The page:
Content

Cost unit

Financial support is available for technical equipment for the workplace and the working environment. The scope of costs depends on the individual case.

The support services are intended to assist people with a disability or impending disability in their working lives. The assistance is aimed at maintaining jobs or training positions, ensuring long-term employability and preventing a deterioration in health through preventive measures. As a result, financial assistance can be applied for even before the onset of a disability (e.g. as part of company integration management).

The legal basis is formed by the benefits for participation in working life (§ 49, 50 SGB IX), which are paid by the rehabilitation agencies. In addition, the integration offices (also known as inclusion offices) provide accompanying assistance in working life (§ 185 SGB IX, in conjunction with § 19 and § 26 SchwbAV) for people with a recognized severe disability or equality.

Services and cost units

If a disability has already occurred or is threatened by a prolonged illness, employees and young people in vocational training are entitled to technical aids to ensure their participation in working life. Apart from motor vehicle and housing aids, where technical aids are also used in a broader sense, assistive products and technical work aids are personal, mobile products (e.g. Braille displays, arthrodesis chairs).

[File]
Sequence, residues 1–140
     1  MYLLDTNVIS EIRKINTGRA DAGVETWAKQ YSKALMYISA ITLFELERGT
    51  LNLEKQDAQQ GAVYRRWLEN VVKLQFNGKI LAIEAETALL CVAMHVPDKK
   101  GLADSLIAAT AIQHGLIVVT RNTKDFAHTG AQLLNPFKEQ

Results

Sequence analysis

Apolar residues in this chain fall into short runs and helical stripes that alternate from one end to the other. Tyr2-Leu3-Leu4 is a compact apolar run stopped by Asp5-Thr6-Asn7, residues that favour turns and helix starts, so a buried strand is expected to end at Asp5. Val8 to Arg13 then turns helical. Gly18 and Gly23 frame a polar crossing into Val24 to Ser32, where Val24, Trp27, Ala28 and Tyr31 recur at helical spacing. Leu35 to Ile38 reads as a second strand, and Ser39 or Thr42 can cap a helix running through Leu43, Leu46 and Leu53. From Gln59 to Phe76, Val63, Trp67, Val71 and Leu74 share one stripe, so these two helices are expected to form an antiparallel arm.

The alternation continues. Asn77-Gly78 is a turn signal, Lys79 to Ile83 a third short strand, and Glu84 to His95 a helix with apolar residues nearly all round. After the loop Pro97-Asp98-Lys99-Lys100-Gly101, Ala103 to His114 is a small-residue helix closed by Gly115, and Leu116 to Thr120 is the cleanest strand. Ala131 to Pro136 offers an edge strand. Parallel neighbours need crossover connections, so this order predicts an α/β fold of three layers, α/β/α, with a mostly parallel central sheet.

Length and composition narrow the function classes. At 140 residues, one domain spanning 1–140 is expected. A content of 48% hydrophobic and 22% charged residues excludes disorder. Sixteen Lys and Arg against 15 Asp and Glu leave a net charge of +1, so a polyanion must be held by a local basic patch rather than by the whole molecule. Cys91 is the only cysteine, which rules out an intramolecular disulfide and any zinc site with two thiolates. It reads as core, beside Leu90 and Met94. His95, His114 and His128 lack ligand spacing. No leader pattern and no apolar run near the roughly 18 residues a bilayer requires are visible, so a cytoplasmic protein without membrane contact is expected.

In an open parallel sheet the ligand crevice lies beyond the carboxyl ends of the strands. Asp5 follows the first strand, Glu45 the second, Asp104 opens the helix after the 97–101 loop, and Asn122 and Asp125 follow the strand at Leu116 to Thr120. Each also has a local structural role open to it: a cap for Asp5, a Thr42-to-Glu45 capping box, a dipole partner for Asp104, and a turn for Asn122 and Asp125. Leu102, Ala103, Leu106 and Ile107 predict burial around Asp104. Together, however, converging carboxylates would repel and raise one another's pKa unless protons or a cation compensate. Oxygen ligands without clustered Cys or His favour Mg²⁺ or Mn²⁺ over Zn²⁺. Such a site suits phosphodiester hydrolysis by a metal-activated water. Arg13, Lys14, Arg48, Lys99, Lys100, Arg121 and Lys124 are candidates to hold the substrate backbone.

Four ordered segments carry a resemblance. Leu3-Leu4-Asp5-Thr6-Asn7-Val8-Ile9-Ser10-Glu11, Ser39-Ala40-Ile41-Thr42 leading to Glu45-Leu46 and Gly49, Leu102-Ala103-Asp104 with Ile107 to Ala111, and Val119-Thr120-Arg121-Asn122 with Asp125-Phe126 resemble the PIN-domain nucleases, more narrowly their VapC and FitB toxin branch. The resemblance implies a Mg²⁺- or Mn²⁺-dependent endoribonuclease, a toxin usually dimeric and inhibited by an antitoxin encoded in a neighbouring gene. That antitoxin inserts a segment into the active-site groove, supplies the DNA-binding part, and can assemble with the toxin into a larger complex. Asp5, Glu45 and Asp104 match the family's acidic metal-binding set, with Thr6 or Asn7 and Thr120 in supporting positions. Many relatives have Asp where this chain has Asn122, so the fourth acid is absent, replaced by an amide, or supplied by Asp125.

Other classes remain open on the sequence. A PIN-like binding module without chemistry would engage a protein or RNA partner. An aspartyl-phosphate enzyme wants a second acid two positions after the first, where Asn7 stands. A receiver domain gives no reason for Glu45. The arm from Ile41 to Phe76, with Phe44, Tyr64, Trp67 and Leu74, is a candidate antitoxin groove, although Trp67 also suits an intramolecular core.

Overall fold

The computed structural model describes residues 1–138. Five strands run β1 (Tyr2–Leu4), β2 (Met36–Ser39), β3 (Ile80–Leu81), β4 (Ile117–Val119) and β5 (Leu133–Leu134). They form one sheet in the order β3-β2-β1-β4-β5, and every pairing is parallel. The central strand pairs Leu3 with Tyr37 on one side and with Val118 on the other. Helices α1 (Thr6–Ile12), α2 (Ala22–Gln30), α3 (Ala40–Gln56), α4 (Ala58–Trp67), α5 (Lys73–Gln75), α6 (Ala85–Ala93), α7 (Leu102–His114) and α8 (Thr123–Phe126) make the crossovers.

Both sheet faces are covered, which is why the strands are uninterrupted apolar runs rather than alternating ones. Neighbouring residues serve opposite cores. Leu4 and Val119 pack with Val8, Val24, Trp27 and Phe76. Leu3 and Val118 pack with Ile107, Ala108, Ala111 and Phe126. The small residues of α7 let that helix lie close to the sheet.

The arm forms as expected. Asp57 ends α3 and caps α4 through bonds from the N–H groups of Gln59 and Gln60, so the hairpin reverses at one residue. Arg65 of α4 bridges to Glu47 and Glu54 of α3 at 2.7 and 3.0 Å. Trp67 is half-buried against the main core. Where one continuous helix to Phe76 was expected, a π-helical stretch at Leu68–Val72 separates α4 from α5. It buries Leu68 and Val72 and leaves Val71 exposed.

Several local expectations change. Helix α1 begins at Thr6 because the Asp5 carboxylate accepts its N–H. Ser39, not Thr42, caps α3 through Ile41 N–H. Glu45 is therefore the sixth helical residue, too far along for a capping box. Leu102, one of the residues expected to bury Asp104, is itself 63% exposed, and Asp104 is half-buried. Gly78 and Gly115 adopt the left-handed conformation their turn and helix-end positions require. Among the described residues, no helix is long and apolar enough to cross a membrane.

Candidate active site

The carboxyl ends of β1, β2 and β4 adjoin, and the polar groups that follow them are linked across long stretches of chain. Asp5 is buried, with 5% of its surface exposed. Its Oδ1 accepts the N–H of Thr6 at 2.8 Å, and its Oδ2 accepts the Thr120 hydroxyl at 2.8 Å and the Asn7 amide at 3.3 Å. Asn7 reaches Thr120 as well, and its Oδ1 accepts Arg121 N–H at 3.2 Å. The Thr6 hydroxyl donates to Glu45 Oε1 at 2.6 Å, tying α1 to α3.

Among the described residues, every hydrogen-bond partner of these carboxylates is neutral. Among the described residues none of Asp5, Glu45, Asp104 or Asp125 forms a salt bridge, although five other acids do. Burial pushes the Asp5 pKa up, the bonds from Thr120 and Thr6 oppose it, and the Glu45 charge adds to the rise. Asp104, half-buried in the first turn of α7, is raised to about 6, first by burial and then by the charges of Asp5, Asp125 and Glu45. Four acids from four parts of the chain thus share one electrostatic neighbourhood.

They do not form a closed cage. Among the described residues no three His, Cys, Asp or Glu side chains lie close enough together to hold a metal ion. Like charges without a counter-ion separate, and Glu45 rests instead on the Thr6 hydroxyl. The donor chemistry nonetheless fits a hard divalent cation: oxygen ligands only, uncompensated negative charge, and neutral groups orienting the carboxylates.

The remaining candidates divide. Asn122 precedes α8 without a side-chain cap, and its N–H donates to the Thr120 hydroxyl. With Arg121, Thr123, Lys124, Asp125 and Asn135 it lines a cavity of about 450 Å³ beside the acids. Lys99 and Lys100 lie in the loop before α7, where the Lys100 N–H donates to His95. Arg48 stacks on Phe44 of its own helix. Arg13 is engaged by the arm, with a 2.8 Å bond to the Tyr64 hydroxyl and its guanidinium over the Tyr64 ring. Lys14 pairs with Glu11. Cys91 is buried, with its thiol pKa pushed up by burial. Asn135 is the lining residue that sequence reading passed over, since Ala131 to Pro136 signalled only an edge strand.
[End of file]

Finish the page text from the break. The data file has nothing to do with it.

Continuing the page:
Assistive products for the profession

Assistive products necessary for the job (§ 49 para. 8 no. 4 SGB IX) are medical therapy products such as hearing aids or orthopaedic shoes. They are necessary in this occupational context for typical requirements of a specific job or to increase occupational safety. Therefore, they do not fall under the obligation to pay benefits of the statutory health insurance.

For example, orthopaedic work safety shoes for a worker with a foot disability are a benefit for occupational participation, whereas orthopaedic shoes that are generally intended to compensate for a walking disability in everyday life and at work are considered a medical benefit.

Technical work aids

Technical work aids (§ 49 para. 8 no. 5 SGB IX, § 19 SchwbAV) are in principle any work furniture, vehicles, machines, tools or hardware and software that compensate for disability-related disadvantages in the activity. These can be custom-made or commercially available products such as screen readers, one-hand keyboards, forklifts with low access or special protective work clothing. Funding is provided as a grant up to the full cost and includes initial and replacement purchase, maintenance, repair, and vocational training in use.